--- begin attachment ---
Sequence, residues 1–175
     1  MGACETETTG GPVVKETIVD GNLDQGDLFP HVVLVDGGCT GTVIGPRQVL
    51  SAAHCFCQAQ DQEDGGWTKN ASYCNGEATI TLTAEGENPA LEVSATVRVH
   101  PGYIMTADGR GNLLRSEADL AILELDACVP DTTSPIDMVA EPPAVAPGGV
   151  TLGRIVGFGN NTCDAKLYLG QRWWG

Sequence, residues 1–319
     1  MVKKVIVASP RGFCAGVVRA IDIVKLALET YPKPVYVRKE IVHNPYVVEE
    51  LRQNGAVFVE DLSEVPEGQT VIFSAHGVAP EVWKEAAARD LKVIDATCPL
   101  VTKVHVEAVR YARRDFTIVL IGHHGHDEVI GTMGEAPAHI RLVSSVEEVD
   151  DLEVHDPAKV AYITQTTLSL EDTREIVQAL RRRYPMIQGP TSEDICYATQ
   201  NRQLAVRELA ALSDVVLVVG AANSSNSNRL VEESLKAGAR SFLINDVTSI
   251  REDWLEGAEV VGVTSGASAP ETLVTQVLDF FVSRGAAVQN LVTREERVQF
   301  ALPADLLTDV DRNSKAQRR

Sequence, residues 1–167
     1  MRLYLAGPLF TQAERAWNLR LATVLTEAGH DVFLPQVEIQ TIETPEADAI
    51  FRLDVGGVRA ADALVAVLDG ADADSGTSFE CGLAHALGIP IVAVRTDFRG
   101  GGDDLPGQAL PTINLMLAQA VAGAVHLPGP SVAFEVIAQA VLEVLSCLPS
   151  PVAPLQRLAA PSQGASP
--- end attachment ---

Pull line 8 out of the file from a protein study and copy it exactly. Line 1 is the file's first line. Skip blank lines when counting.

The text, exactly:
    51  LRQNGAVFVE DLSEVPEGQT VIFSAHGVAP EVWKEAAARD LKVIDATCPL